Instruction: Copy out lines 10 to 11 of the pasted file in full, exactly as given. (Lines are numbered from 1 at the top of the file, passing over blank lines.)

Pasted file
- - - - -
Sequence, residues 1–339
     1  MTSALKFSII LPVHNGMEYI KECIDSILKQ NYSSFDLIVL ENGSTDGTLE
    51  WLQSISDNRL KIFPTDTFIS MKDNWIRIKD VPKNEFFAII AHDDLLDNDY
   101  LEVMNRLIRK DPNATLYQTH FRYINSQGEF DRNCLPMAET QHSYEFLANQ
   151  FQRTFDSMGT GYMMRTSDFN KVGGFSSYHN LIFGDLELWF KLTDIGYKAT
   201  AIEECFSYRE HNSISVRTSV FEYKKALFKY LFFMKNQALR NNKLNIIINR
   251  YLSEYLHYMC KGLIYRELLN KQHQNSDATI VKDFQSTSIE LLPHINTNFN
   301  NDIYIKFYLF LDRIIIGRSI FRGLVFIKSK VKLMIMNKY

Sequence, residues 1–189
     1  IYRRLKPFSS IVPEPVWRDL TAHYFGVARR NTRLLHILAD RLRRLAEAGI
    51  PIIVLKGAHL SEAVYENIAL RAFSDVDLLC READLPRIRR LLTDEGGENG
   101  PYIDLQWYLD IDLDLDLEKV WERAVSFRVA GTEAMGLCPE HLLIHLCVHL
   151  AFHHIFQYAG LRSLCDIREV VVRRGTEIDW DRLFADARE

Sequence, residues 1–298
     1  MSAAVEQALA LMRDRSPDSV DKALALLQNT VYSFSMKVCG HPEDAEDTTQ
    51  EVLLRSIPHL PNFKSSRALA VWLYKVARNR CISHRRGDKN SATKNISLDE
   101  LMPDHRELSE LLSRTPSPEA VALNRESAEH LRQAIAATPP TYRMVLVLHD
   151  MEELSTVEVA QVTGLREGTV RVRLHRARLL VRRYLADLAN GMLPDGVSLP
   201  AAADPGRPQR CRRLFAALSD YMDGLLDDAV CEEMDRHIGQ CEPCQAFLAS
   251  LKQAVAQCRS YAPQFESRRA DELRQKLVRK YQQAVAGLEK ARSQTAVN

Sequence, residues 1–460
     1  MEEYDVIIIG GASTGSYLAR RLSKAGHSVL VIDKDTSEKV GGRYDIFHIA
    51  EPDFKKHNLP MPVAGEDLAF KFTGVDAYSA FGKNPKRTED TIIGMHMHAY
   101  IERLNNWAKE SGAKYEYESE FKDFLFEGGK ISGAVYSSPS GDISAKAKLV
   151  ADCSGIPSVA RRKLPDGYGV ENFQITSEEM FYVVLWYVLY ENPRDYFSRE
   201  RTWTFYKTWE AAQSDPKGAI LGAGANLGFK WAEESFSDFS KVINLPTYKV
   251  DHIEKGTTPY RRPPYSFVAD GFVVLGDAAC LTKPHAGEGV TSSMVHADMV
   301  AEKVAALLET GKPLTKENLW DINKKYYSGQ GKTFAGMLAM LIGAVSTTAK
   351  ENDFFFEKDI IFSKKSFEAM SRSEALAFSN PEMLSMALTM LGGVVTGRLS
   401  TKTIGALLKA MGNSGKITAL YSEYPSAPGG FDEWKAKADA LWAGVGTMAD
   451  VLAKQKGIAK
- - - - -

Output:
     1  IYRRLKPFSS IVPEPVWRDL TAHYFGVARR NTRLLHILAD RLRRLAEAGI
    51  PIIVLKGAHL SEAVYENIAL RAFSDVDLLC READLPRIRR LLTDEGGENG